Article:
Talking Pictures

//Talking Pictures

Talking Pictures

The author of this highly rated article is Roger Knowles.
Roger is a practicing attorney and an experienced professional speaker. 
If you want more valuable advice from this expert, click here.

Stop the show! Let me out of here! Have you ever felt that way during a presentation? Speakers who drone on and on with the rhythm of a long snore can bore the listeners to sleep! Even those who subscribe to the old adage, “A picture is worth a thousand words”, can drive their audiences crazy – they often make use of too many pictures in their presentations. Worse still, they may couple cartoons with zany motion and irritating sound effects. A good professional speaker would never do these things.
There is a regular debate among speakers about the dubious value of images – especially those that come packed with the Power Point program. Cartoons, diagrams, images of comic-strip characters in various poses, drawings of buildings and more. They can move, too! At your command, the next image will fly in to the sound of a machine gun, of slide in with a ‘zip’ sound, or jump into focus with a loud ‘pop’. These special effects are seized on by would-be public speakers that are desperately seeking some light and colour to accompany their dubious spoken offerings.
The Power Point habit is one that can hook the seasoned speakers, too. It is a ‘crutch’ for many of us – we time our speeches to hobble along with the often-lazily-constructed slides, using the text to prompt us to regurgitate the next in a series of points. We know that we should not depend on it like we do, but we do.
We have forgotten the deeper implication of that saying about the ‘thousand words’. We often overlook the true power of an image. Oh, we can select crisp, and even creative photos and weave them cleverly into our presentations, but we forget that the most powerful of all images do not appear on screens – they are sketched in the minds of our audience members.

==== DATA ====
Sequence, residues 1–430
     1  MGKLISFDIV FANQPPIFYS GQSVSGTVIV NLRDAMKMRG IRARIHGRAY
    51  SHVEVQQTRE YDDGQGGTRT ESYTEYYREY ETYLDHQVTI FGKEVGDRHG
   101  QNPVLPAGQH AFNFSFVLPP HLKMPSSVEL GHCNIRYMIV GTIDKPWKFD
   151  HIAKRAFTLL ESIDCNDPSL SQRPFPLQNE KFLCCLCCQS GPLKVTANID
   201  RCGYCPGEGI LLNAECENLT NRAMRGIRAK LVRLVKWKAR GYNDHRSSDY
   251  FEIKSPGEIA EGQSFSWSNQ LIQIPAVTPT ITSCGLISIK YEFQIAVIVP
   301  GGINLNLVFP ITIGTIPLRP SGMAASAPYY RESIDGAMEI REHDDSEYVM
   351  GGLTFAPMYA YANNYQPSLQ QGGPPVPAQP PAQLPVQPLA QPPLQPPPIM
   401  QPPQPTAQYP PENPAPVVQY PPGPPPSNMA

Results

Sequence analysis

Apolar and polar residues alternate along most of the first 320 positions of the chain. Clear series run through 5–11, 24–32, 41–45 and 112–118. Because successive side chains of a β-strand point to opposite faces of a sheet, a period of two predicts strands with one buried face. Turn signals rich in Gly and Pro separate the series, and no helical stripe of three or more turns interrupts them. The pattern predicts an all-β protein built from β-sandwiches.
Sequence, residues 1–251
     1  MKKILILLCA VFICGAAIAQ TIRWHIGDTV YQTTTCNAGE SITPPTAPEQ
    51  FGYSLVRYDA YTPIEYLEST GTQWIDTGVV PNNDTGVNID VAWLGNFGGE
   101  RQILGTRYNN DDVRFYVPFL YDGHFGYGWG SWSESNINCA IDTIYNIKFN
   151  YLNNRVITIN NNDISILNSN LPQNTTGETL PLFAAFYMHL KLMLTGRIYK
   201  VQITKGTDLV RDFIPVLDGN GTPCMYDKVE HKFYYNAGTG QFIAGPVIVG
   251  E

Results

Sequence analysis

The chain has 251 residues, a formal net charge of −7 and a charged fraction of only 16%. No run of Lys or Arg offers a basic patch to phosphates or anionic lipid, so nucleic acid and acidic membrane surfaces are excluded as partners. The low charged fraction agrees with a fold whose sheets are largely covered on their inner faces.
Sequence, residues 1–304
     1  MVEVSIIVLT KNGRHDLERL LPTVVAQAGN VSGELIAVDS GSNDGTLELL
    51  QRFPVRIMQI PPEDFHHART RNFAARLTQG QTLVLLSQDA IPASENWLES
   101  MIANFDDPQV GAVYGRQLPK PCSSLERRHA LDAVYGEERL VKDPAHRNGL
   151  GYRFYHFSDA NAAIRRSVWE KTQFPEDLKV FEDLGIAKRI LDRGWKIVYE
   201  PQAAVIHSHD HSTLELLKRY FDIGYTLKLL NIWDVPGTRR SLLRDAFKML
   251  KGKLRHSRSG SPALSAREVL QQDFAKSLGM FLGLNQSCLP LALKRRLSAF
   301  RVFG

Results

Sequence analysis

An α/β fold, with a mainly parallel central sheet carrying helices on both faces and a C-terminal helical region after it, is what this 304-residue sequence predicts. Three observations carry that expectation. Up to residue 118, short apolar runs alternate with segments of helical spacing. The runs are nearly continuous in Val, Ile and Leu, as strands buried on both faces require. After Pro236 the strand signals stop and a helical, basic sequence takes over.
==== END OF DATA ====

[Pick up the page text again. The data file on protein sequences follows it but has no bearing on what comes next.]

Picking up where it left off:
Indeed, an image projected on a screen can reduce the impact of a finely delivered point. Imagine a speaker had just said, “An aeroplane is a great example of man’s ingenuity.” If this were illustrated with a picture of a single-engined Cessna, it would not have half the impact of the soaring Boeing 707 that might be pictured by some of the audience members if words alone were used.
One of the main differences between a truly gifted speaker and one of the also-rans, is the ability to use pictures. The beginner shows slides, or uses clip-art, while the skilled speaker employs the magic of language to conjure up pictures in the minds of his audience. What a difference!
Some people are naturally skilled at creating mental images with their words.  They can create pictures in the minds of their listeners. Drawing on their own skills to take advantage of the myriad images their listeners have in the archives in their minds, they skilfully recall sights and sounds, colours and textures, encouraging their listeners to imagine powerful images and to experience the feelings that accompany them. Women are more likely to do this than men, I find. In their everyday speech, women employ a narrative style, often illustrating their stories with adjectives and examples. Men are more precise, tending towards crisp verbal economy, describing facts and circumstances as concisely as possible. It follows that new speakers should perhaps consider the feminine style – from time to time during a presentation, at least. Telling a story, one that is relevant to your audience, is far better than flashing slides on a two-dimensional screen. The best stories create pictures while they resonate with, and evoke, genuine feelings. This produces a richer and more memorable effect than a thousand Power Point images.

By | 2012-08-23T20:35:52+02:00 23rd August 2012|General|

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